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Letters to the Editor

Letter: Insult to teachers

February 21, 2014

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To the editor:

Venerable teachers are now being required to arrange and pay for their fingerprints to be taken and submitted to law enforcement authorities. And the pretext? Supposedly to better guarantee the safety of Kansas children. Your editor’s recent justification for this demand (“Reasonable requirement,” Journal-World, Feb. 14) strikes me as both disrespectful to educators and shortsighted with regard to protecting children.

Imagine the veteran teacher, with 20 or 30 years of teaching experience. She arrives to school early, stays late, and every day, over countless years she attempts to impart knowledge and skills to the young children of Kansas. Her students learn not only the subject, but more importantly, how to think for themselves and to value education. In this process, these children also learn to admire and respect their teacher.  

Now this same teacher, if she wants to retain her job, is being forced to not only hand over the most personal of information, but to pay for the privilege of being treated like a criminal. And the young children watching her wipe the purple ink from her fingers learn that it is dangerous to question the policies of the state. “Don’t worry, little children,” the teacher comforts them, “our government and our leaders would never think to abuse their authority. We must always follow their orders because they know what is best for us. Tomorrow, you too will get to share your fingerprints (and more!) with them.”

Comments

Richard Heckler 10 months ago

Are legislators subject to this same requirement?

Sam Crow 10 months ago

Legislators are not alone in rooms with children.

Greg Cooper 10 months ago

No, the majority of legislators in Kansas ARE children.

Leslie Swearingen 10 months ago

I know for a fact that since the troubles in the Catholic Church everyone who is going to be around a child in any capacity has to be fingerprinted, vetted and then go through a training session.

My question is, have there been enough such actions in public schools to warrant such a response? How many students in public schools have been abused, physically or emotionally?

Sam Crow 10 months ago

I used to work for a Fortune 100 company in a professional position. I underwent an extensive background check on a bi-annual basis, which included a criminal record check, credit check and driving record check. And yes I peed in a cup. It was seen by everybody for what it was, simply a condition of employment

That is not unusual in the world of big business.

So forgive me if I dont see a problem with someone teaching kids to have to be fingerprinted for a background check.

James Howlette 10 months ago

Did you have to pay for your screenings yourself?

Sam Crow 10 months ago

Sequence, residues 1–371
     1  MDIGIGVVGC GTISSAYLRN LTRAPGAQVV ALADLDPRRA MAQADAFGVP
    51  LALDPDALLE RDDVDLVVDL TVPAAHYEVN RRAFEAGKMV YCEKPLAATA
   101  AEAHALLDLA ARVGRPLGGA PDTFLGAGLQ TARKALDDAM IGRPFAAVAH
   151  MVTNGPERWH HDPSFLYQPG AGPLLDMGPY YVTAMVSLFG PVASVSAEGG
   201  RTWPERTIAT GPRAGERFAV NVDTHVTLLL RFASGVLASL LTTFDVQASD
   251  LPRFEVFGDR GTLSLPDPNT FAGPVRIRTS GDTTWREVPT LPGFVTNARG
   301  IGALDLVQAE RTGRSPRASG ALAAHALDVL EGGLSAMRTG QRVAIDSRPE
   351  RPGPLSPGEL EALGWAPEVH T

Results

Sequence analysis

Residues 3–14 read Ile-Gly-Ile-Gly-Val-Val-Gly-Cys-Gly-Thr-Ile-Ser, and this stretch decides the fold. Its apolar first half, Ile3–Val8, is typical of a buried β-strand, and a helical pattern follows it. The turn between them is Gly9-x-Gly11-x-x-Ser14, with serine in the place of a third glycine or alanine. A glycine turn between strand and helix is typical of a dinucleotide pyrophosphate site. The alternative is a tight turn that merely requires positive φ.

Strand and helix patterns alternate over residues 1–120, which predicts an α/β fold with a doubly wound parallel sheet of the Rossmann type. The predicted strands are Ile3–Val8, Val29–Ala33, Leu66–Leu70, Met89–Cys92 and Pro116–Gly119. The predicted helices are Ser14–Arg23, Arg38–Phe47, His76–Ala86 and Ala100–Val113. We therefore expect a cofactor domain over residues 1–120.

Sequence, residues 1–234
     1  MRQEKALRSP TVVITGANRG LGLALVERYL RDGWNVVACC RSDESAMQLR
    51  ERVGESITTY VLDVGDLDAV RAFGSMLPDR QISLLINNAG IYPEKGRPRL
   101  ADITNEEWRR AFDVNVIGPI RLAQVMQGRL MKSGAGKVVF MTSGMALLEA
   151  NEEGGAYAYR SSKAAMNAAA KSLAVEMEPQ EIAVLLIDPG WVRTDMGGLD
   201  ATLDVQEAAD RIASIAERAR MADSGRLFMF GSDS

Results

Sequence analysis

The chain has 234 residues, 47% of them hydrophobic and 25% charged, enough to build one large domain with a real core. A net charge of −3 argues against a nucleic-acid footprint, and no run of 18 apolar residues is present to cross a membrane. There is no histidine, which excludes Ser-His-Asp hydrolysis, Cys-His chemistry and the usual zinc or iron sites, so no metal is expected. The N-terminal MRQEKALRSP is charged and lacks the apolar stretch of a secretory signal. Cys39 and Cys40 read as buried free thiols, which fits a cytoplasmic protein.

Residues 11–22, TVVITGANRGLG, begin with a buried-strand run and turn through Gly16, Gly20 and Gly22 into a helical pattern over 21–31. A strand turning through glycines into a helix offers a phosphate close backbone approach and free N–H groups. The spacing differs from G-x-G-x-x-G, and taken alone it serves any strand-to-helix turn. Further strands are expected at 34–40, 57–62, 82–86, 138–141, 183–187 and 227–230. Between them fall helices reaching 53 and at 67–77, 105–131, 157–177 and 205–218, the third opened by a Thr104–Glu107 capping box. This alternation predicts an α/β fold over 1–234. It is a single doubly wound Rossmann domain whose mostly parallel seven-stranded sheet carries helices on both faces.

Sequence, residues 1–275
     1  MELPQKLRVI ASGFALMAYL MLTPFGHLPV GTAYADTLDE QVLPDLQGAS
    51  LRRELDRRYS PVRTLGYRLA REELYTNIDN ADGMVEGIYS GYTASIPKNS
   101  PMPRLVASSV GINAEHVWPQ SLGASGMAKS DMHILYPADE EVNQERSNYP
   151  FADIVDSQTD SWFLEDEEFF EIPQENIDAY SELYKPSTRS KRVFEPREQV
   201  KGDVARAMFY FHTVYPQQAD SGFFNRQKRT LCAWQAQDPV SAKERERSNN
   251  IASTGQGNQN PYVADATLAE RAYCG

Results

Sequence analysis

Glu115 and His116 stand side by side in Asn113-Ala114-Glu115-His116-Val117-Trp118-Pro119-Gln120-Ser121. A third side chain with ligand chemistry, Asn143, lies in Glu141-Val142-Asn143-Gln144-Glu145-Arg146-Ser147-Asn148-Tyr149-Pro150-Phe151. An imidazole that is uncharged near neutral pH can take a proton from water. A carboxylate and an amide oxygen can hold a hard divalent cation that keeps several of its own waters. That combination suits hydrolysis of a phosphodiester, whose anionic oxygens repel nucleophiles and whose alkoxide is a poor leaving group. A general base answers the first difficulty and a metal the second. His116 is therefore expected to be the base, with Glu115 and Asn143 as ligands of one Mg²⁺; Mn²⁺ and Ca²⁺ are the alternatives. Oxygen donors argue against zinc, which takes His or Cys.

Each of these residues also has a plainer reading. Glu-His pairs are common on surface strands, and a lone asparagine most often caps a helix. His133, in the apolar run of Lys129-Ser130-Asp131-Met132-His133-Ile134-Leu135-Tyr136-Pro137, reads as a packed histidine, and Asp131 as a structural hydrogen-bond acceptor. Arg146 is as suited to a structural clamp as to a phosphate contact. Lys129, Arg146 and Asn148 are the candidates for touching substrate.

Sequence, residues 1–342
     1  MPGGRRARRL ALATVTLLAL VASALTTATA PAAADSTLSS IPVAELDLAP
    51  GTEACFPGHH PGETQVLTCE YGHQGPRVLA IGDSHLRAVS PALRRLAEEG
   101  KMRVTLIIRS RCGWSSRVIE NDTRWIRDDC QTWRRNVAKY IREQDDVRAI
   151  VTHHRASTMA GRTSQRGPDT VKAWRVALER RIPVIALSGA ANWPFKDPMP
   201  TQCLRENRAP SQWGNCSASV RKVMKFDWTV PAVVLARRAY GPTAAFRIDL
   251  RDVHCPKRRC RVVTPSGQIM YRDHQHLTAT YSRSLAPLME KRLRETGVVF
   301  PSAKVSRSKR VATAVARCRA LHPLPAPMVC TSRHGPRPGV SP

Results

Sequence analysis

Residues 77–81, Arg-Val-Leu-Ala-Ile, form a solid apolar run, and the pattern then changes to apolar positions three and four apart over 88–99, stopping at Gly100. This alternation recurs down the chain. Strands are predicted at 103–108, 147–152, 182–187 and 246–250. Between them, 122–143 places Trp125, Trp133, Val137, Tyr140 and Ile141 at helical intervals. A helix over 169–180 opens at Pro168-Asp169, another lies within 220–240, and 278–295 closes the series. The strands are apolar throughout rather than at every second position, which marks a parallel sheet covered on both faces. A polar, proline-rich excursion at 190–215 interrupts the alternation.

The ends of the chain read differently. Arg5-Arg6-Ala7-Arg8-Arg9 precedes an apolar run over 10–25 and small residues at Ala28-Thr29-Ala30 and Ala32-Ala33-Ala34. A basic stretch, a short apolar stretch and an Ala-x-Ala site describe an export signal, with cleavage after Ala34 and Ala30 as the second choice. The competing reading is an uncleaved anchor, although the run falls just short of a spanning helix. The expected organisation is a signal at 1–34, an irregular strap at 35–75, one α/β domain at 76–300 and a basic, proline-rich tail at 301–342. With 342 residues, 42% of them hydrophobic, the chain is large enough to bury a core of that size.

I will agree that if it is a required condition of employment, the employee not bear the cost.

However, the letter writer was concerned more with "being forced to not only hand over the most personal of information" and "being treated like a criminal" and " disrespectful to educators."

A fingerprint would only be necessary once in a teaching career in the state. Teachers must also pay fees for licensing and continuing credit hours as a condition of employment, which are significantly more costly.

So, financially speaking, what is the difference between one fee versus another?

James Howlette 10 months ago

Well, since this is a new thing and not one of the expenses the LTE writer presumably knew about before beginning a teaching career, I don't think it matters if the other expenses are higher. It just seems like another way to nickel and dime them.

I will agree that the LTE writer is a bit OTT with some of the rhetoric.

John Graham 10 months ago

The fee is $50. Hardly a deal breaker. Simply increase the license fee to include this new fee.

Bart Johnson 10 months ago

“Don’t worry, little children,” the teacher comforts them, “our government and our leaders would never think to abuse their authority. We must always follow their orders because they know what is best for us.

This is what teachers are paid to say. This is the whole point of the government taking control of education.

Greg Cooper 10 months ago

Bart, oh, Bart. Why must you make everything so brutal? You know teachers are not paid to say such stupid things, so why even try to make that a fact? You are so often thoughtful and deep, and then, bang, you blow it all by being snide and untruthful. Not much difference between you and the government, I'd say.

Bart Johnson 10 months ago

I'm just telling the truth. Why do you think the government took over education?

James Howlette 10 months ago

Because the church/private industry weren't doing the job well enough.

Bart Johnson 10 months ago

Do you have any facts to support that, or is that just your opinion?

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